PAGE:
Over 16 days from late November into December, the IFRC joined Red Cross and Red Crescent Societies around the world in putting a spotlight on the need to prevent sexual- and gender-based violence.
The protection of people from sexual and gender-based violence is already a key part of the IFRC network’s approach in its response operations following crisis – when people can be particularly susceptible to exploitation.
The 16 Days of Activism against Gender-Based Violence campaign offers an important opportunity to raise and reinforce awareness and improve practices to ensure people are protected when they are at their most vulnerable.
An annual global campaign, the 16 Days of Activism runs from 25 November, the International Day for the Elimination of Violence Against Women, to 10 December, International Human Rights Day.
The aim of the campaign is to raise awareness on intimate partner violence, trafficking in persons for the purposes of sexual exploitation and abuse, and other forms of sexual and gender-based violence. This year, IFRC's 16 Days of Activism campaign focuses on shedding light on the harm, prevalence, and impact of SGBV on survivors.
It’s also an important opportunity, therefor, to highlight the voices of people who work on prevention of SGBV all year long and who understand the impact that such violence has on survivors.
One of those people Hloniphile Zinya, a youth officer for the South African Red Cross, who is making a significant impact in the fight against HIV and gender-based violence of Kwa-Zulu Natal, South Africa.
“I grew up in an era where young people couldn’t freely talk to their parents or adults about sexual reproductive health or gender-based issues,” Zinya says. “This then contributed to a lot of young people becoming victims [of sexual abuse, violence or of sexually transmitted diseases].
Through her work, she has gained a profound understanding of the diverse community dynamics and their contributions to issues related to HIV and GBV. “I have also observed that survivors of gender-based violence undergo a lot of post trauma that in most cases influences the way they respond to life,” she says. “Most of the survivors are judged by others, thus making it difficult for them to come out and speak about their experiences.” See a deeper profile of Hloniphile Zinyaand her work by clicking here.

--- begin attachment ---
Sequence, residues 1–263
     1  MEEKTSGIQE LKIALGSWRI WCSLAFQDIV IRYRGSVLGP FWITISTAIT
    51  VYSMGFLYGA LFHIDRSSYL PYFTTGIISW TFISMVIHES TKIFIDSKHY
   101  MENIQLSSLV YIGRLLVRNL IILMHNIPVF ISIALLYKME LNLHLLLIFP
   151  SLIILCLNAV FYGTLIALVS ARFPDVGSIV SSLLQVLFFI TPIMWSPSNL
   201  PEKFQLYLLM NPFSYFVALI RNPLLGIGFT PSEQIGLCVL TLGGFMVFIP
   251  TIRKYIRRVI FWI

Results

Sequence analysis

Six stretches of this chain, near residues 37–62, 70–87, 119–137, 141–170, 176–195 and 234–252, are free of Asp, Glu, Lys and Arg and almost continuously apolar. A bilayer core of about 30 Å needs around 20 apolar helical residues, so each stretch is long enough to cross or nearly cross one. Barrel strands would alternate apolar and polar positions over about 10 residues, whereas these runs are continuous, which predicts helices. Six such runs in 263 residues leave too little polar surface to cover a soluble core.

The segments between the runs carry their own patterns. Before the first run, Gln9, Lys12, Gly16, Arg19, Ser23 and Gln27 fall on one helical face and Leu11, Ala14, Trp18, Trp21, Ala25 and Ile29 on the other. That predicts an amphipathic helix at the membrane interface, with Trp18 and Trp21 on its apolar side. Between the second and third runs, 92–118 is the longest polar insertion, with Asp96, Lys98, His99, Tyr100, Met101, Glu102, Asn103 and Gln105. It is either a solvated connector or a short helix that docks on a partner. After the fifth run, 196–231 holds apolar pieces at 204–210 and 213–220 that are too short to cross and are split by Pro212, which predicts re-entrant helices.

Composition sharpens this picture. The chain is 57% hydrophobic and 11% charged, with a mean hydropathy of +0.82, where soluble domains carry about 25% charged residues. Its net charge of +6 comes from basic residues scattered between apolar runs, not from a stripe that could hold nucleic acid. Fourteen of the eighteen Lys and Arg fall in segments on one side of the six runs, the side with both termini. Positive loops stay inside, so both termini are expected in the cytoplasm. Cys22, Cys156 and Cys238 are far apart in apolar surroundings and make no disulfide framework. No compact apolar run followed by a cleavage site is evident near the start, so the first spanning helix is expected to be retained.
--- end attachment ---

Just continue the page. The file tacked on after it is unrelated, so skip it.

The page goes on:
Photo: South African Red Cross
Pervasive but preventable
Although pervasive, sexual and gender-based violence is preventable. The IFRC campaign, therefore, has emphasized creating awareness among aid workers, communities, Red Cross and Red Crescent staff, and volunteers about the needs of victims and survivors. The campaign also aims to address stigma and discrimination against those affected by SGBV.
Here are just a few of the things the IFRC and Red Cross and Red Crescent National Societies are doing around the world.
In Zambia, the Red Cross is holding a symposium about investing in the prevention of violence against women and girls. South Africa Red Cross is hosting multiple activities across the country – from soup kitchens, and awareness campaigns at taxi ranks, to talks at schools and elder care homes. Lesotho Red Cross will host a fun-run and health talks, including providing Mental Health and Psychosocial Support (MHPSS) messages to deaf and hard of hearing care givers on SGBV and protection.
In the Americas region, the IFRC is conducting a survey to gather volunteers’ perceptions about gendered violence and the types of support that we can provide to victims/survivors, such as referral to important lifesaving health, financial and legal aid services. The Colombia Red Cross is focusing on the issue of trafficking in persons and the risks and needs of at-risk people along transitory routes.
The Europe regional office is launching a Protection Gender and Inclusion (PGI) and SGBV guidance series and will host webinars as well as a photo exhibition in their office in Budapest, Hungary. In Türkiye, the team is sharing information on dignity kits that are given to women and girls affected by the earthquake, showing that steps to promote gender equality and access to goods and services generate resilient communities, and ultimately can prevent risks of SGBV occurring.
Asia and Pacific
In the Asia and the Pacific region, the Bangladesh Red Crescent supported by IFRC will hold information sessions for volunteers and communities to increase awareness on preventing SGBV. IFRC staff in Bangladesh will also engage in a quiz to test their knowledge on what to do and how to address SGBV in their daily work. Pacific National Societies will engage in a Human Rights Film Festival in Suva, where the 16 Days of Activism campaign is integrated into the overall programme.